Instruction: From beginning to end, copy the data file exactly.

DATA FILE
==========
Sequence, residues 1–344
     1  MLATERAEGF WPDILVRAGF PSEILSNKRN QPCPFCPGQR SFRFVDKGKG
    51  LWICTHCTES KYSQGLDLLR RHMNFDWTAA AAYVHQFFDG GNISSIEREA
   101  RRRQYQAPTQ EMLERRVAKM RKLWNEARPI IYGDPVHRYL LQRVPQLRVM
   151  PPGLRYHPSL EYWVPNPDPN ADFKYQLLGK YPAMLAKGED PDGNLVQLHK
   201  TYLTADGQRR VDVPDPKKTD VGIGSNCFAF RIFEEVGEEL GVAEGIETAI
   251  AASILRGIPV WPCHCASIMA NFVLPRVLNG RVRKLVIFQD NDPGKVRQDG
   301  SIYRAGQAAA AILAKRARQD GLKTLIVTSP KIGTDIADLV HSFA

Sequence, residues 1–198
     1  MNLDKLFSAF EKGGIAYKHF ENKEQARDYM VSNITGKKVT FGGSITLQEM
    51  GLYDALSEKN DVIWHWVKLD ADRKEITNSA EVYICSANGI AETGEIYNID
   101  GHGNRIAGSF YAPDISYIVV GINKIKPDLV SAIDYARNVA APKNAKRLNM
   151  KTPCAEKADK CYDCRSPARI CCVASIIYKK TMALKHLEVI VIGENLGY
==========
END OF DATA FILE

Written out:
Sequence, residues 1–344
     1  MLATERAEGF WPDILVRAGF PSEILSNKRN QPCPFCPGQR SFRFVDKGKG
    51  LWICTHCTES KYSQGLDLLR RHMNFDWTAA AAYVHQFFDG GNISSIEREA
   101  RRRQYQAPTQ EMLERRVAKM RKLWNEARPI IYGDPVHRYL LQRVPQLRVM
   151  PPGLRYHPSL EYWVPNPDPN ADFKYQLLGK YPAMLAKGED PDGNLVQLHK
   201  TYLTADGQRR VDVPDPKKTD VGIGSNCFAF RIFEEVGEEL GVAEGIETAI
   251  AASILRGIPV WPCHCASIMA NFVLPRVLNG RVRKLVIFQD NDPGKVRQDG
   301  SIYRAGQAAA AILAKRARQD GLKTLIVTSP KIGTDIADLV HSFA

Sequence, residues 1–198
     1  MNLDKLFSAF EKGGIAYKHF ENKEQARDYM VSNITGKKVT FGGSITLQEM
    51  GLYDALSEKN DVIWHWVKLD ADRKEITNSA EVYICSANGI AETGEIYNID
   101  GHGNRIAGSF YAPDISYIVV GINKIKPDLV SAIDYARNVA APKNAKRLNM
   151  KTPCAEKADK CYDCRSPARI CCVASIIYKK TMALKHLEVI VIGENLGY